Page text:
I recently participated in a panel at the Association of Business Trial Lawyers Annual Meeting – “Bad News Delivered: The Board Meeting and Crisis Management.”  Among other topics, the panel discussed the role of insurance counsel in crisis management, and addressed the following questions:

Who Is The Client? 

When meeting with a board in a time of crisis, it is critical to identify whether your client is the company or the board.  And if it is the company, the board must understand that while they are the decision-makers for your client, they themselves are not your clients.

Depending on whom you represent, your advice and strategy may differ.  Although acting on behalf of the company and bound by fiduciary duties and the duty of loyalty, in a time of crisis board members may be concerned about how the company’s insurance can be used to protect their interests, as opposed to the company’s.  If counsel is representing the company, the strategy may focus on preserving the coverage to settle a nasty case, fund burdensome defense or investigation costs, or protect individuals who are critical to the company’s on-going business strategies.  And if the company is in bankruptcy, the debtor in possession or trustee may want to preserve the assets for claims against the estate, as opposed to lower priority indemnity claims or non-indemnifiable claims against individual insureds such as board members.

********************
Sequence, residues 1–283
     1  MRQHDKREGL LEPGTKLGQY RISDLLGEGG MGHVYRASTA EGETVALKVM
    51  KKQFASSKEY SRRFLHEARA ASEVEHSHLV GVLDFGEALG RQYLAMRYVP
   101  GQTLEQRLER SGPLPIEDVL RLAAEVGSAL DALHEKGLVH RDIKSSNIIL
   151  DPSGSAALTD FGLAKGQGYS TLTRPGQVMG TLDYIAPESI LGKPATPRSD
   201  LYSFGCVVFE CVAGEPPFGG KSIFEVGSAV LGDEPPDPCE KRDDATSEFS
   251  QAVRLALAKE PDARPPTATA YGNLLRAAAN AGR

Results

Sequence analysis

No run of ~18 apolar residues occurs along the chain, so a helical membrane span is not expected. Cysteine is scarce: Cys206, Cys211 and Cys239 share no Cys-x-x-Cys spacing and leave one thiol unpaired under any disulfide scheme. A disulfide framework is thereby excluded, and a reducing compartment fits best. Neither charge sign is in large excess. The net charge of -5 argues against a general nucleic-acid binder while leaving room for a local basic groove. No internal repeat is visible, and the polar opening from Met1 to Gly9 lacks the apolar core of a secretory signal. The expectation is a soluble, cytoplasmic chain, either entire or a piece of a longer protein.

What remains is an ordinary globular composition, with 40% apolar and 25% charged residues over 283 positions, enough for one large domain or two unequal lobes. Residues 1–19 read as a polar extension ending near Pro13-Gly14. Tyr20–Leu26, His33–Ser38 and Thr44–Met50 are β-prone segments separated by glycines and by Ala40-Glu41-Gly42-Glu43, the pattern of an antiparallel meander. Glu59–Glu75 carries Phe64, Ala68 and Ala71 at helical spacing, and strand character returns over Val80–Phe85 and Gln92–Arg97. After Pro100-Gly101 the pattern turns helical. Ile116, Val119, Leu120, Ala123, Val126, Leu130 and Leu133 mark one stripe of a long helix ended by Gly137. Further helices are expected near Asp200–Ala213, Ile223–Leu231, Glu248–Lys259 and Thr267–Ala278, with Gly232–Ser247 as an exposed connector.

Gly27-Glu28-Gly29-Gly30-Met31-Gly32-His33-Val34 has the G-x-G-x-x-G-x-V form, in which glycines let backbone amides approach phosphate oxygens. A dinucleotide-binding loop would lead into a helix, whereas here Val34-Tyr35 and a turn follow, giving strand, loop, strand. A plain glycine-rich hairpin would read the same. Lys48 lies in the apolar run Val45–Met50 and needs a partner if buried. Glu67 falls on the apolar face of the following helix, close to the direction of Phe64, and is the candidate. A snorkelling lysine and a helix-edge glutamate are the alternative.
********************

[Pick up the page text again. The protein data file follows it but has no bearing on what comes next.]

If counsel is representing an individual, he or she may have the luxury of an indemnification from the company – assuming the company is able to fulfill it.  If not, counsel may need to invoke Side A or other provisions in the policy to preserve the policy limits for the individual directors or officers, and access to much-needed defense costs.
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When a venture capital or private equity firm invests in a portfolio company (PC) and places a general partner on the PC’s board, they typically require that the PC agree to defend and indemnify the board member in any litigation arising out of their board service, and to purchase directors’ and officers’ liability insurance. However, the D&O insurance requirements are typically quite vague, and some firms may be surprised to learn of key gaps in the PC’s coverage. These gaps are usually discovered when the VC/PE firm needs the coverage most – i.e., after a lawsuit has been filed, naming their board member as a defendant. Here are two examples I’ve come across in representing venture capital and private equity firms:
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